The primary "API" of the IdP is the support for various standard (or standardized) federation protocols like SAML and CAS. Most interactions with the IdP are in the form of requests using those protocols or request to a few internal administrative functions. A summary of the supported protocol interfaces can be found here.

The profile workflows are built using Spring Web Flow, so it's important to understand that technology to make sense out of most of the code. All of the "top level" flows in the system implement one of the supported protocol interfaces, which are referred to as "profiles", a term used in SAML for a unit of interoperability that supports a particular function. Example profiles would be SAML 1 attribute queries, SAML 2 SSO requests, etc.

Within the top level profile flows, various subflows are run that carry out reusable sequences of tasks like authentication. These subflows are generally described in their own sections of the top level design and are designed to be composable with any profile flows that need to use them, by defining their own conventions for inputs and outputs.

Relying Party and Profile Configuration

As described in the GeneralArchitecture topic, the root of the context tree for any of the profile flows is the ProfileRequestContext class. Beyond that commonality, all of the "typical" federation profiles have a common approach to their configuration and how its exposed in the context tree.

For consistency with V2, and also because it works reasonably well as a configuration model, V3 maintains the idea of a "relying party" configuration as a container for one or more "profile configurations".

A RelyingPartyConfiguration (RPC) is a set of configuration options that apply to a given relying party. Every RPC contains, at least:

The profile configurations indicate whether a particular protocol/profile is enabled for use by the relying party, and any special configuration options for that profile. Profile configurations also carry a SecurityConfiguration that supplies relevant security settings such as algorithms, credentials, and so forth, though these are rarely used directly, but rather as input to a more complex derivation process (docs TBD).

By convention, the resolution of the appropriate RPC to use for a request is represented by attaching a net.shibboleth.idp.profile.context.RelyingPartyContext child context to the ProfileRequestContext. Both the RPC and the specific profile configuration in effect are captured by that context, along with information about the identity of the relying party and whether that identity was verified or not.

Relying Party Configuration Resolver

The IdP contains a service responsible for selecting the appropriate RPC for a given request, the RelyingPartyConfigurationResolver. Because it's a service, the underlying implementation is fully abstracted from the system and is pluggable.

The default implementation relies on a reloadable configuration resource and just iterates through an ordered list of registered RPC objects, evaluating the current ProfileRequestContext against the RPC's predicate. The first RPC with a predicate to return an affirmative result is the RPC that's used for the request. In addition, the resolver stores two special RPCs: a default "verified" one to apply in the absence of a more specific rule, and an "unverified" one to apply in the event that the identity of the relying party can't be verified, in a fashion that depends on the profile used (in the case of SAML, a RP can only be verified if metadata is provided for it).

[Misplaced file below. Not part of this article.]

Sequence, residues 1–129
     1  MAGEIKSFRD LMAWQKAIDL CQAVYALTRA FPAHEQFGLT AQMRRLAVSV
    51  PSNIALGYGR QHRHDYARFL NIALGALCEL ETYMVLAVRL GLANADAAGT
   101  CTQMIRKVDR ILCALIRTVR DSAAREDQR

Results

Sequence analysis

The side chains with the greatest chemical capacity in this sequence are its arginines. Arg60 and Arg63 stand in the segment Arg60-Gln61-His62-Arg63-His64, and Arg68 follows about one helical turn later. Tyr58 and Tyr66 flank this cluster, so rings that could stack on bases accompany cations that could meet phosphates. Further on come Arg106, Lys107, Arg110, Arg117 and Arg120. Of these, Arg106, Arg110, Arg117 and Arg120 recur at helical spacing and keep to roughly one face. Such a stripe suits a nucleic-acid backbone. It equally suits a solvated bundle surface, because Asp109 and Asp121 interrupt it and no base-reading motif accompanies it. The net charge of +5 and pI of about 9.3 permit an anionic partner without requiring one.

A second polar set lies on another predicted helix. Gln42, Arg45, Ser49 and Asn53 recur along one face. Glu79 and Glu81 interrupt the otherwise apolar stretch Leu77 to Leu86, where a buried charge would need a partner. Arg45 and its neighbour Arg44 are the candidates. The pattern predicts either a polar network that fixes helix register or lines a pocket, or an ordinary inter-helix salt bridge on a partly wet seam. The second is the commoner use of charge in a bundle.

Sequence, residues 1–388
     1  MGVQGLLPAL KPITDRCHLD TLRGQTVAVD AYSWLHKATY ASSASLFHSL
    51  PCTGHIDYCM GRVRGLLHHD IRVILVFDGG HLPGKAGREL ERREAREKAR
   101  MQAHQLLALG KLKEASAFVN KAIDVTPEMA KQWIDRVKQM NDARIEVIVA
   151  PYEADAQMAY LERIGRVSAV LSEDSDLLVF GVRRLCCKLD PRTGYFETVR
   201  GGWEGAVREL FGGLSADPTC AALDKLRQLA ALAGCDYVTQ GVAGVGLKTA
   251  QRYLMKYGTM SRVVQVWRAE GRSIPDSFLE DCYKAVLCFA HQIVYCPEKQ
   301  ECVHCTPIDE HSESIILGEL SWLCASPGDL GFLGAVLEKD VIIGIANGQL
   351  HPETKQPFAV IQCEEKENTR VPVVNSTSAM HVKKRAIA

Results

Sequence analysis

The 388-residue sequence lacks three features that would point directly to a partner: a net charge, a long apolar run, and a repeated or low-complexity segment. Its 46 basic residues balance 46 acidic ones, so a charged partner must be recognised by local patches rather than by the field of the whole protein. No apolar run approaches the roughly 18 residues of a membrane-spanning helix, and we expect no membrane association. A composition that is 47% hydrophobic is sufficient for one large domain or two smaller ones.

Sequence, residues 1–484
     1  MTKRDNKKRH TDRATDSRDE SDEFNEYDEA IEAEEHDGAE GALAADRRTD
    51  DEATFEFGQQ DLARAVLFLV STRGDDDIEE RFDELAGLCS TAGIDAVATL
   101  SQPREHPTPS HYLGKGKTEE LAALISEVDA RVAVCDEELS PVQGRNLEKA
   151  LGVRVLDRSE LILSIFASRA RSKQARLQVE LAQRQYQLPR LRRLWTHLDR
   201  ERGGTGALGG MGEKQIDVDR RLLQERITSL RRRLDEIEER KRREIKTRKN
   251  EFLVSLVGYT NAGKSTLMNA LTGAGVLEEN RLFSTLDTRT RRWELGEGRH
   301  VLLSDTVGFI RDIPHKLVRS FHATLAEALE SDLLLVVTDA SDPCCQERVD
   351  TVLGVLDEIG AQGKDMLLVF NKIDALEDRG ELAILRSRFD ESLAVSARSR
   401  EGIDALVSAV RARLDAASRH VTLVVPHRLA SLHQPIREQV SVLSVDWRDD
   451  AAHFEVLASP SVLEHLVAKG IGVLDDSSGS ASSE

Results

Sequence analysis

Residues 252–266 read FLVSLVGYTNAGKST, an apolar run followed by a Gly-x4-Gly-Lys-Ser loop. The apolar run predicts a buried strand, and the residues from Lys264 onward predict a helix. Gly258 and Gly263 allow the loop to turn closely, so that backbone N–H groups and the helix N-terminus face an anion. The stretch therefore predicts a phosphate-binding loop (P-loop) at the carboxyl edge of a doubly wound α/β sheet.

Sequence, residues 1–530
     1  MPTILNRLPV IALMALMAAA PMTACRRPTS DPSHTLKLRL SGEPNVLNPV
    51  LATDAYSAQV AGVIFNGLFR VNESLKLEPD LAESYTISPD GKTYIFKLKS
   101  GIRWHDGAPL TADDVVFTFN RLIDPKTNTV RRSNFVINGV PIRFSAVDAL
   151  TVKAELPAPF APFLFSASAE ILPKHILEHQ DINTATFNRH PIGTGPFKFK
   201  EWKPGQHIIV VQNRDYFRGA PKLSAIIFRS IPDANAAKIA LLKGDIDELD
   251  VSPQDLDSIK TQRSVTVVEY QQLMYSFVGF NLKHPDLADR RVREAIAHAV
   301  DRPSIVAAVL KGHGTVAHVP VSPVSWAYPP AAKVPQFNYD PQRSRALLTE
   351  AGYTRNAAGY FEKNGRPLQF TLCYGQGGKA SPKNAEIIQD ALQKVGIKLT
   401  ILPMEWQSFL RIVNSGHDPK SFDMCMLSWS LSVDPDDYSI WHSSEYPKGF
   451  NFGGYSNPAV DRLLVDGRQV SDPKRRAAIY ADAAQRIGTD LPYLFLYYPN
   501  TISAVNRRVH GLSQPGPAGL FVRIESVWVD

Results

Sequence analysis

Profile Intercepts

One of the challenges in implementing the profile behavior as webflows was in establishing a mechanism for extension that didn't require copying or editing the internal flow definition files, making upgrades a difficult proposition for anybody that had extended them. Any given change becomes rather simple and small in terms of effort, but incorporating the changes can be complex.

While not every change can be easily accomodated, a large number of use cases are enabled by providing a set of well-defined "hook points" for branching control to user-supplied subflows that can alter the state of the request, or prevent a request from completing outright. The hooking subflow is called an "intercept", and there are three main hook points during which any number of intercepts can be configured:

When feasible, all three hooks are provided in any given profile flow, although the middle hook only applies to more "traditional" SSO-oriented profiles that perform user authentication. Most often, it's that middle hook that is of interest to a deployer, and a number of useful example intercepts are provided, such as attribute release consent and usage terms, coarse-grained authorization, and expiring password notification.

Profile Design Documentation

The following describes the flow for each profile including the steps that make it up and what they do. Most of it is empty or out of date at this point as it's mostly internal documentation and is not required to extend the IdP in most cases.